Originally to be called 'Super Chaps Three', The Goodies were the quintessential image of a 1970's Britain that had not yet shaken off its 1960's 'swinging' image.
The trio of do-gooders who would do anything, anyplace, anytime, consisted of Tim Brooke-Taylor (who was so patriotic that he always wore a Union-Jack waistcoat), Graham Garden (a nutty professor type), and Bill Oddie (a leftover from the hippie movement, complete with giant sized portrait of Chairman Mao). In the course of their adventures they would typically rescue humanity, as in the case of saving London from the clutches of a giant cat, whilst charging around the country on their three-seater bicycle.
Popular fads and cultures of the day were given the 'Goodies' treatment, Doctor Who was presented as 'Planet of the Rabbits.' and Kung Fu was given a North Country twist in an episode entitled 'Kung Fu Capers', an episode that inadvertently realised the adage "died laughing." The episode featured Bill Oddie as a blackbelt in 'Ecky Thump' - a little-known Lancastrian martial art which involved pelting opponents with black pudding. Tim Brooke-Taylor played a Scotsman who defended himself with a set of bagpipes. Alex Mitchell, a 50- year-old bricklayer from King's Lynn was unable to stop laughing whilst watching the episode. According to his wife, after twenty-five minutes of continuous laughter, Mitchell "gave a tremendous belly laugh, slumped on the sofa and died". She later sent a letter to the Goodies thanking them for making her husband's final moments so happy.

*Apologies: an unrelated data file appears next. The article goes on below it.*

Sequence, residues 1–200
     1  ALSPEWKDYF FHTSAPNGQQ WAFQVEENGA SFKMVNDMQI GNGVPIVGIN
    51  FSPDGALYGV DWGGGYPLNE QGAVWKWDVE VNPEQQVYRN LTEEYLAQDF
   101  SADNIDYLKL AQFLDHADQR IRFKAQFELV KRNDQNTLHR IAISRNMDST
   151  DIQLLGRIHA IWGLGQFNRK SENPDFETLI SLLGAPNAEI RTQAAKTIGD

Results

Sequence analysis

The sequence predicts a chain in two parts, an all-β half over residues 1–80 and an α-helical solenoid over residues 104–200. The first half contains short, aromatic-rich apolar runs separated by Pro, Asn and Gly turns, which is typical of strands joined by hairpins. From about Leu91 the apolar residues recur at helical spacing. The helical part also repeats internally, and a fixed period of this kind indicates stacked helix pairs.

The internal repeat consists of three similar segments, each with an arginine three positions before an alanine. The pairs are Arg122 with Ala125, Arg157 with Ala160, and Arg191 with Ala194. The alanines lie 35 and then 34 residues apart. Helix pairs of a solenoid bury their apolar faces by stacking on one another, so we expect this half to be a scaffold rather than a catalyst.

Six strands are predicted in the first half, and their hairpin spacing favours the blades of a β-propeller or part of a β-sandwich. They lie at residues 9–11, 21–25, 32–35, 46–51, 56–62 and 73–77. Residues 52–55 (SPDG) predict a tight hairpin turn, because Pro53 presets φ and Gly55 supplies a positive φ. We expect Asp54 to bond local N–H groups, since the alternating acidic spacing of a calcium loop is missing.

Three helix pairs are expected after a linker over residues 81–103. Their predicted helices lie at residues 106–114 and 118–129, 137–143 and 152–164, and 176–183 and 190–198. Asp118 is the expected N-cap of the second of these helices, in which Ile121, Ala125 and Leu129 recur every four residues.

During its run the series picked up two Silver Roses at Montreux and spun off into the pop charts top ten with novelty' hits 'The In Betweenies,' 'Funky Gibbon,' 'Nappy Love' and 'Make A Daft Noise For Christmas.' After ten years the BBC had decided that they had got all the mileage out of the show that there was to get, and, somewhat disillusioned, Messrs Brooke-Taylor, Garden and Oddie took themselves off to commercial television. However, only six shows were made by LWT.
The Goodies was one of the first shows in the UK to use chroma key, a post- production special effect that allowed the overlaying of one video image on top of another and one of the first to use stop-motion techniques, previously only seen on animated children's programmes, in a live action format. Unlike most long-running BBC comedy series, The Goodies has been sadly neglected and not enjoyed extensive repeats on terrestrial television. It wasn't until 2004 that the BBC finally acknowledged its appeal in an episode of the documentary series Comedy Connections which was devoted to the series. However, further afield the series has fared much better. In Australia, the series has had continued popularity, being repeated throughout the 1970s and 1980s. It has also proved to be popular in Canada, and in Germany was shown within another series in short 3 to 4 minute film sequences. Tim Brooke-Taylor and Graeme Garden took their Goodies Live show to the 2006 Edinburgh Fringe festival.
Published on December 19th, 2018. Written by Marc Saul for Television Heaven.